For as good a college shortstop as he is, Bliss does have some detractors on defense that may inhibit his ability to stick at the position. We’ll get to the arm in a bit, but that’s the primary culprit.
Bliss is lauded for his hands and feet. He does a fantastic job of rounding through ground balls and consistently getting his feet in a position to make an accurate through. His hands are absolute butter and he turns a mean double-play thanks to a quick-twitch transfer on the bag.
Bliss also does a really nice job of smothering balls to his left and his right, giving himself a shot to throw baserunners out. The skillset really screams second base, and that’s okay! A plus defensive second baseman at the big league level is a luxury few put enough stock into.
The first minute or so of this footage should speak volumes.
Bliss’ arm is more often than not characterized as fringe-average, best suited for second base. It’s a shorter arm stroke that lacks the pace necessary for some of the deeper throws in the hole at shortstop. The tool itself plays up a touch thanks to his lightning-fast hands and actions on the dirt, but I do wonder if it might be exposed at the next level. I’d liken his arm to what Seattle had in Jean Segura. It’s good, not great. It can handle the routine plays and cover the spot in a pinch, but it’ll play comfortably at second base.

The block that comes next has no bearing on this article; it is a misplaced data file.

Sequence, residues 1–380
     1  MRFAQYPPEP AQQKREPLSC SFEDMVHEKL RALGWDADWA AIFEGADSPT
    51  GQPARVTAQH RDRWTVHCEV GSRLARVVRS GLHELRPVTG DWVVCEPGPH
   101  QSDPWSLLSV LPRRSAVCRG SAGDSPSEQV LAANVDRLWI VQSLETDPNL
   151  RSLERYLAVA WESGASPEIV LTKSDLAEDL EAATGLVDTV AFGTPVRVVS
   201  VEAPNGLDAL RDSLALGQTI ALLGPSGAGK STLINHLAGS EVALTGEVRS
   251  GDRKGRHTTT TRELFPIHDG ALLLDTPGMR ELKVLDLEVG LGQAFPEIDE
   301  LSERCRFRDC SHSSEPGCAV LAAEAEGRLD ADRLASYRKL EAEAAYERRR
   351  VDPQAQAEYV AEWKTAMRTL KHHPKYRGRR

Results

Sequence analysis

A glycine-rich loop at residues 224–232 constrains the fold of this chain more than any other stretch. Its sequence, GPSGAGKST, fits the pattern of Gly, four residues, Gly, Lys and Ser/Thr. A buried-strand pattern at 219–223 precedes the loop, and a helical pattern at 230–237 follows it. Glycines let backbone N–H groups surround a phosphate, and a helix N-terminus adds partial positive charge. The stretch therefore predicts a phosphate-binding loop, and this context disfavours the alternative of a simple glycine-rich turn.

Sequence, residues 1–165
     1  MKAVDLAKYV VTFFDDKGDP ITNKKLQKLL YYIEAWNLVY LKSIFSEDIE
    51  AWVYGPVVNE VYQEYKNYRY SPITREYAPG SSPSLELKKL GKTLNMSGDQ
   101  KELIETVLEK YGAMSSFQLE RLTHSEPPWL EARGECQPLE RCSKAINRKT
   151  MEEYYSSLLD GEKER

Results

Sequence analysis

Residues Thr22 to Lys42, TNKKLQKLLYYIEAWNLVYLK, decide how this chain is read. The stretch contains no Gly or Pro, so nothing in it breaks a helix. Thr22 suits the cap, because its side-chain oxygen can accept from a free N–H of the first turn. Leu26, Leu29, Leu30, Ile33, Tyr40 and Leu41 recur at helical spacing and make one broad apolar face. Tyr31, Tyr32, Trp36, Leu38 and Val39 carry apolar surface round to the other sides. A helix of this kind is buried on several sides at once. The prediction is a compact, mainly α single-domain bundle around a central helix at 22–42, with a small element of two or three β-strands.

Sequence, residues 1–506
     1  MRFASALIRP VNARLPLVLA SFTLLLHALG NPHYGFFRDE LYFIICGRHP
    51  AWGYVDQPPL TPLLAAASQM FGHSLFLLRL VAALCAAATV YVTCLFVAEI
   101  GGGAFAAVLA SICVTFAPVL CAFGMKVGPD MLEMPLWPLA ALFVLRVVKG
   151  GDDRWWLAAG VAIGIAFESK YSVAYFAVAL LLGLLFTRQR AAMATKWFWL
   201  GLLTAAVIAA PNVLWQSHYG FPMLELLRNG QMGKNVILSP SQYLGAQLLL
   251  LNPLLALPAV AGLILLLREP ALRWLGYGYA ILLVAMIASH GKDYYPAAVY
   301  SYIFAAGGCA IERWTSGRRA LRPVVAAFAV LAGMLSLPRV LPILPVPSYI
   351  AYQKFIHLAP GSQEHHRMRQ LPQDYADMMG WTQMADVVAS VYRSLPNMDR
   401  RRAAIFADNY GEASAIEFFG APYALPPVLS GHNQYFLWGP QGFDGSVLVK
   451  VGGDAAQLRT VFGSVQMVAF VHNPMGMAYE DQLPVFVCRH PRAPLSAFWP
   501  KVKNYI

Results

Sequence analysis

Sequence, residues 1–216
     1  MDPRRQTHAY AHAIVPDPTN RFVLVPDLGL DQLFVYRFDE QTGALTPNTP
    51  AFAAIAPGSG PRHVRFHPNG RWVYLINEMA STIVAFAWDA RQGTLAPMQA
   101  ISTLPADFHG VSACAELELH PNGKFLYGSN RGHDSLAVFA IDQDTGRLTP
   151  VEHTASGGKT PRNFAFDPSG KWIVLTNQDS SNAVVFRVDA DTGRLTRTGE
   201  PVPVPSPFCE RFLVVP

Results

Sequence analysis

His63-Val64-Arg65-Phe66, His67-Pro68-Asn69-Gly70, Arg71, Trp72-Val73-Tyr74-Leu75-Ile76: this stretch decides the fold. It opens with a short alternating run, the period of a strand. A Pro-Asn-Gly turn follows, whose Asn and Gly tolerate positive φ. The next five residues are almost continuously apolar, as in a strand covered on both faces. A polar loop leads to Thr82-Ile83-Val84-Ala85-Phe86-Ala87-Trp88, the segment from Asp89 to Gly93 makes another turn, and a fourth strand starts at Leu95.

Bliss gets high marks for his hustle and ability to get down the line. He’s routinely 4.20 to 4.30 seconds home-to-first out of the box, fairly comfortably an above average runner. As Bliss gets stronger, this could creep into the plus grade, but for now, he’s certainly more valuable than not on the base paths and can likely snag a team 15 to 20 bags over the course of 162 games.
Ryan Bliss is the perfect example of being more than the sum of your parts. He gets more out of his game than one might expect, and I suspect there’s more in the tank here. There’s still a good deal of energy loss in his swing, and with a couple tweaks, could become more than currently constructed.
I think a healthy bet for Bliss at the big league level is a .270 hitter who doesn’t strike out and plays a mean brand of defense for his club. There’s also 15-15 potential here if you look hard enough.
Bliss probably doesn’t fit the ball at pick no. 12 for the Mariners, but depending on how his 2021 campaign goes, he could be a prime target Seattle at pick no. 50. He also fills a gaping hole in the farm up the middle on the dirt.